The advantages and disadvantages of butane (BHO) and CO2 extraction
The extracts rocked the cannabis industry a few years ago, as legality in the United States entered a conversation phase. This genre was once defined by hashish, which offered extreme levels of THC. Since then names like like wax, oil, butter, shatter, dabs, have appeared. However, the questionable methods used to make them were met with skepticism… Butane mining was frowned upon when some teenagers blew up their parents' basements. According to, Merry Jane, experts believe that the process is more efficient and desirable than its rivals.
Butanol extraction (BHO) versus CO2
The extracts are obtained with a propellant such as butane or propane (Butane Hash Oil or BHO). Or, either by bursting the plant material with carbon dioxide (CO02 Oil). But, butane extraction has come under heavy criticism, due to accidents produced by negligence, without the use of a closed loop system.
But, the butane method is scientifically superior to the CO02 method when it comes to preserving the delicate terpene profile of cannabis (responsible for its smell, taste and richness). That's what a semi-anonymous scientist who designs closed-loop systems reports, and Pete Pietrangeli, industrial veterinarian and owner of LA Confidential dispensary on Melrose Ave.
“There's a lot of misinformation in the market,” says Pietrangeli. “Clinic managers, bud suppliers and buyers will be wary of BHO extracts because they believe there is a health risk. Really, it sounds like ignorance. "
Due to the stigma of the BHO process, Pietrangeli is currently using CO2 extraction for his company Acme Elixirs. Still, the industry veteran believes CO2 will never compete with extraction using butane (or "terpene juice"). This is because the C02 process puts a strain on the terpene profile of a plant.
Clear disadvantage of CO2 oil
It is often mistakenly believed that CO02 oil does not contain a solvent. No oil is solvent-free. Carbon dioxide is a solvent just like butane. However, CO 02 is not toxic, and leaves no residue. Its vapor pressure is so high that it simply disappears ...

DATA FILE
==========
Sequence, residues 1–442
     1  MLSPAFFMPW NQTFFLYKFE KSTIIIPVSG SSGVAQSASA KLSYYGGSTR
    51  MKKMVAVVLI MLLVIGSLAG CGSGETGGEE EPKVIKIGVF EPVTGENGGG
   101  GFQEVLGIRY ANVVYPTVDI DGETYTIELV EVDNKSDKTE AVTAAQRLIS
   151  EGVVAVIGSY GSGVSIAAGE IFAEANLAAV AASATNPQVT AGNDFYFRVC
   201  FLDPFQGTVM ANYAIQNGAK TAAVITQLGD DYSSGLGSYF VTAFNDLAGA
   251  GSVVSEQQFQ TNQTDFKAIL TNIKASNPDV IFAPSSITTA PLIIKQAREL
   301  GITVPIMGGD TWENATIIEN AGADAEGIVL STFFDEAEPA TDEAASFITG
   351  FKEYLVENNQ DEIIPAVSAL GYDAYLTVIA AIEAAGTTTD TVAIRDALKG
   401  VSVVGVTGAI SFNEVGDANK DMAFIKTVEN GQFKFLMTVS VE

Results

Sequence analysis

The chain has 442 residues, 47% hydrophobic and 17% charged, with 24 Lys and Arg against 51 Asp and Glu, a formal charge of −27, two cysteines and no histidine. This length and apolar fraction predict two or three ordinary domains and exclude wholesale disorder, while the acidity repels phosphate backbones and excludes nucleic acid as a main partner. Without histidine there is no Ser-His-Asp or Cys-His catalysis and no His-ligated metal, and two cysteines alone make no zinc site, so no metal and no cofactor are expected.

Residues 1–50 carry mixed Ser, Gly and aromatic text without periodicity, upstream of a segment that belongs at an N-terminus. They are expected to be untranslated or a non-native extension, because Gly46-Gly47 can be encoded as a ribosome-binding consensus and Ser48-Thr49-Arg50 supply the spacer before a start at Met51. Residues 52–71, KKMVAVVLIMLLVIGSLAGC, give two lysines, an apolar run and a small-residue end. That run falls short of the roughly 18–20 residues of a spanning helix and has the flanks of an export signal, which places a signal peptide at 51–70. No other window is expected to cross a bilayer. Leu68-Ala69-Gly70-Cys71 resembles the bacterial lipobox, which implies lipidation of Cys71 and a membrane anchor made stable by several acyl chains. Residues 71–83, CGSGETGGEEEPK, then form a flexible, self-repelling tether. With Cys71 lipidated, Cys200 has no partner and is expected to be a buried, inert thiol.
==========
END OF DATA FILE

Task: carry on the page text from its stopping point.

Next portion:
While butane is FDA approved for food processing, it is certainly not as harmless as C02. Butane must be treated with care, a step often sloppy by amateurs ...
The problem with C02 oil is that its high pressure completely strikes the plant. Whereas butane does not. Butane molecules dissolve not only cannabinoids, but also the entire spectrum of the plant's lighter, more volatile terpene compounds. Which means that this form of extraction will retain a specific and elevated odor if you use BHO extraction.
“To recreate an oil that really looks like the bud it came from, you need a solvent that can capture the full spectrum of terpenes without damaging them,” Boris says.
A dependent image of the cannabis industries
C02 is attractive to many people looking to do business in the concentrate industry. Because it allows them to get away with poor quality weed… Since companies make a homogeneous product, there is no point in using exceptional weed in the process… Therefore, consumers should be wary of how sellers market products made using this process.
“Unless they reintroduce native terpenes like we do at Acme, which most companies don't, they're creating a brand that doesn't exist. You don't feel like a particular strain, you just feel like you have THC, ”explains Pietrangeli.
The legal future of BHO depends on those who lobby… While the technology for processing butane in a closed-loop system remains revolutionary, a bad reputation could overshadow a multitude of benefits. With the proper tools, ventilation, and spirit behind the process, the BHO process has the potential to replace C02's status as the preferred concentrate.
Ultimately, CO2 extraction remains "a less efficient and, in my humble opinion, and less desirable product. Says Boris. “We wait for the market to mature, and return to the beautiful amber oil that resembles the grower's intentions. "